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August 2015 Archives

Robin Williams' children and widow continue battle his assets

Massachusetts fans of Robin Williams may already know that despite what he believed to be a well-constructed estate plan, his widow and his children are still in court. Last year, court documents were filed regarding how the late actor's assets should be classified and therefore divided. Recently, Williams' widow filed documents indicating that she was not receiving enough money from the trust's Reserve Fund to maintain the home he left her.

Changes in marital status may require changes in estate planning

Estate planning is about preparing for the future, and the sooner that Massachusetts adults create and execute a plan, the better off they and their families may be. Once the documents are executed, many people put them in a safe place and forget about them. The only problem is that estate planning does not end when the documents are signed since one of the few constants in life is that things are going to change.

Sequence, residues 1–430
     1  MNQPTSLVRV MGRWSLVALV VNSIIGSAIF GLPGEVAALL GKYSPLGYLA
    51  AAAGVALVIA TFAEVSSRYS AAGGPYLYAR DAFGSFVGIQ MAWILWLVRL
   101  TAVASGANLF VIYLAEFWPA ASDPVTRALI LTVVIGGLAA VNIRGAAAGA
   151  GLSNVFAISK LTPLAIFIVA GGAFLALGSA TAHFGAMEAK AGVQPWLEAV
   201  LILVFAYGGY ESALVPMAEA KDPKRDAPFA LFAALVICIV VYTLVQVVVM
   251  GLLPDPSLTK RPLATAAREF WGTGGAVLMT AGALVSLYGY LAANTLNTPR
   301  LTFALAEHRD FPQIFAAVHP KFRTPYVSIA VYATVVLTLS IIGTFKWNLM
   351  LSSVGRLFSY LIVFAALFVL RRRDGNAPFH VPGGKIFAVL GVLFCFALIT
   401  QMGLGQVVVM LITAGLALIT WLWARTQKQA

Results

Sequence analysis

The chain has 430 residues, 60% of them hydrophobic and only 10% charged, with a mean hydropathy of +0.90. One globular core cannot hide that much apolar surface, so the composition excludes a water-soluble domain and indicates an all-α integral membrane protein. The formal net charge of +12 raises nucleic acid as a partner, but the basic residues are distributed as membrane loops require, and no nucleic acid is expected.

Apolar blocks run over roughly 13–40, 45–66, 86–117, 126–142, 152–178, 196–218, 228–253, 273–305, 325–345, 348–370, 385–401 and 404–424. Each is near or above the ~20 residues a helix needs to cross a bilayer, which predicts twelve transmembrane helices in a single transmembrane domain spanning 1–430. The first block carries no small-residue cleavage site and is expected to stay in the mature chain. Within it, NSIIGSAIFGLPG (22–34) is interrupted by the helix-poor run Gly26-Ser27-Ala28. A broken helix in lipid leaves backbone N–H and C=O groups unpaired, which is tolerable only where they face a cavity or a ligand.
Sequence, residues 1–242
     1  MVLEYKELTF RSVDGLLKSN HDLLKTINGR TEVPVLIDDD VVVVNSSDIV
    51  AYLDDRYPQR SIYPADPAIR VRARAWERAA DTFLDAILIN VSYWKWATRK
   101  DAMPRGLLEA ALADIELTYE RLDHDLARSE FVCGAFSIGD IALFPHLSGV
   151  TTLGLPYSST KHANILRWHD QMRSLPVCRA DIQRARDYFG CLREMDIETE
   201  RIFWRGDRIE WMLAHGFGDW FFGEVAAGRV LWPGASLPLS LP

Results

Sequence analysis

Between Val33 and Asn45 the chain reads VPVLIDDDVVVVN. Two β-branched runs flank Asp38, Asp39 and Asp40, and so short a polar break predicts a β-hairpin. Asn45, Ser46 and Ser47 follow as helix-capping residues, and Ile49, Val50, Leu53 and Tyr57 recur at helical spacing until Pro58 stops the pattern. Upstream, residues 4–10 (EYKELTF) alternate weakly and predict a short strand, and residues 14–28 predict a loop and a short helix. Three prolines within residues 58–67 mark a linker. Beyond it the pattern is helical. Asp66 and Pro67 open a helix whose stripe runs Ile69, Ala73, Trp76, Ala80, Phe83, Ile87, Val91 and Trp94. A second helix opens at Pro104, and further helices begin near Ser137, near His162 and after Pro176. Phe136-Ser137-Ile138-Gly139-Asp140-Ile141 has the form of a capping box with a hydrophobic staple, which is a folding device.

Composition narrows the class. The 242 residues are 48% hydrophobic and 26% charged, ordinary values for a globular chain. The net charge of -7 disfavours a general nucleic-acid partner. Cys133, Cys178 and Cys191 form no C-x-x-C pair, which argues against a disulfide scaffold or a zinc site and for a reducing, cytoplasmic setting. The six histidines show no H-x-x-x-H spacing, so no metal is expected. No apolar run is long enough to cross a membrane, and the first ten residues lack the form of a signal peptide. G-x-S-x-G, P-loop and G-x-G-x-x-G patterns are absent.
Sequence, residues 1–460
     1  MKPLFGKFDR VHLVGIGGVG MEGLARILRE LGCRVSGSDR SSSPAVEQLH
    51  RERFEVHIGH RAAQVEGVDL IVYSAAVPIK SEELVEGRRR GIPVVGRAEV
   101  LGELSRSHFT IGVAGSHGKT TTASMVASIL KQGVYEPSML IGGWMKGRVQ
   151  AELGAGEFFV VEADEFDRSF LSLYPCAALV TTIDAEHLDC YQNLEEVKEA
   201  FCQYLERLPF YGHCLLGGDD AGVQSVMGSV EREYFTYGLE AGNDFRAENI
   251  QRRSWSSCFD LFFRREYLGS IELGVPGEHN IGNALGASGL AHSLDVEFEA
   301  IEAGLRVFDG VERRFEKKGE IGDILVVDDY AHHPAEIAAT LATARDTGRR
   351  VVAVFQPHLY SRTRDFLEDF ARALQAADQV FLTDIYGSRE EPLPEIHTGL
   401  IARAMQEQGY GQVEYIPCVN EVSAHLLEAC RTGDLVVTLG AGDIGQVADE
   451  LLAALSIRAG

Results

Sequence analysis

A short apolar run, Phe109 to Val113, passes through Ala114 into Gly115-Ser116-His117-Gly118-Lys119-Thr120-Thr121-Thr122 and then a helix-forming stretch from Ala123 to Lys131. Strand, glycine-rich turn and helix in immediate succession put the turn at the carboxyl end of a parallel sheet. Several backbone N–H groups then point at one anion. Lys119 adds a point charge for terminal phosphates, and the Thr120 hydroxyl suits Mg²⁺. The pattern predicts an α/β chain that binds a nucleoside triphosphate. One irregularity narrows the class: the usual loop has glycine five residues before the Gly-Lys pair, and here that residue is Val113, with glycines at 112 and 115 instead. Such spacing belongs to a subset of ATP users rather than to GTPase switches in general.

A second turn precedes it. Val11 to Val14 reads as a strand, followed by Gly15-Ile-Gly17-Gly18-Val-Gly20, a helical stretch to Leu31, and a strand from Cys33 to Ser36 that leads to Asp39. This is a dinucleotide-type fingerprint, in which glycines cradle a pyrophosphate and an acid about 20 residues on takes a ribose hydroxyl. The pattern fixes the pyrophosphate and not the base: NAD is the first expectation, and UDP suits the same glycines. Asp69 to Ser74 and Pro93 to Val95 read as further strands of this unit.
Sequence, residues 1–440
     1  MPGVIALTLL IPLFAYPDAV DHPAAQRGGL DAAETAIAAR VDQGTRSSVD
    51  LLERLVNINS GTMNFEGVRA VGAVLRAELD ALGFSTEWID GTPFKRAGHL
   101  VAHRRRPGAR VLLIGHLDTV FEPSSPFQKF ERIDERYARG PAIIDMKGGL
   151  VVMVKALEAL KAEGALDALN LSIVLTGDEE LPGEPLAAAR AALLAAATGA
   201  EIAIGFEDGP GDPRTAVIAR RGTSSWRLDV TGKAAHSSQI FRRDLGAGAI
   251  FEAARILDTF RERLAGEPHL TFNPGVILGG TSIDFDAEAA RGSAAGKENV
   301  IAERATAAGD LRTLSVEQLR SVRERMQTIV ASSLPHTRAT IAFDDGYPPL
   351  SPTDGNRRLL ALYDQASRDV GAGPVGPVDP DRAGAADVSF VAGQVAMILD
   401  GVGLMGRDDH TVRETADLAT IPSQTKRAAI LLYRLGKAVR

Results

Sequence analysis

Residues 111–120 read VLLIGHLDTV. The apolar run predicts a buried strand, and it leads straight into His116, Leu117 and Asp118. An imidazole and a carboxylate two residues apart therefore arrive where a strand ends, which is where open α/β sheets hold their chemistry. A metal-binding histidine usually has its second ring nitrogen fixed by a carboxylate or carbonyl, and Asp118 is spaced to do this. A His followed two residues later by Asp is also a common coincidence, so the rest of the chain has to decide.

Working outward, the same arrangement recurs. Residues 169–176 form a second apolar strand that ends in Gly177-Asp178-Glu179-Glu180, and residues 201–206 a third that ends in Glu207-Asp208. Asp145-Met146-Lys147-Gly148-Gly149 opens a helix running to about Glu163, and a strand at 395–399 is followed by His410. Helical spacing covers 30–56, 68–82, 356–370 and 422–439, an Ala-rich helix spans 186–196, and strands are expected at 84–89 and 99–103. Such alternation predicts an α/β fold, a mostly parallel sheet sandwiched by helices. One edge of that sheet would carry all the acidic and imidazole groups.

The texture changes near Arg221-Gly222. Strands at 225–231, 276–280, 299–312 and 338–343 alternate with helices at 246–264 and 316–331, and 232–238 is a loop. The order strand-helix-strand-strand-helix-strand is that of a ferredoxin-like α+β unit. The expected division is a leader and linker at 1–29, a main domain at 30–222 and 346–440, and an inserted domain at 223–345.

Many assets do not have to go through the probate process

Many Massachusetts residents want to maximize any inheritance left to their loved ones. One way to do this is to limit the number of assets that must go through the probate process before being distributed to heirs and beneficiaries. It may still be necessary to file a probate petition and the will, but with proper estate planning, it does not have to be a time-consuming and expensive process.

Where will a single person's assets go after death?

Single people in Boston may not think that they need an estate plan since they are not married and/or do not have children. Nothing could be farther from the truth. Any adult who has assets typically benefits from at least a basic estate plan in order to avoid dying intestate, which means that state law would dictate how the estate would be distributed. Dying without at least a will may make it unnecessarily challenging for the family members left behind.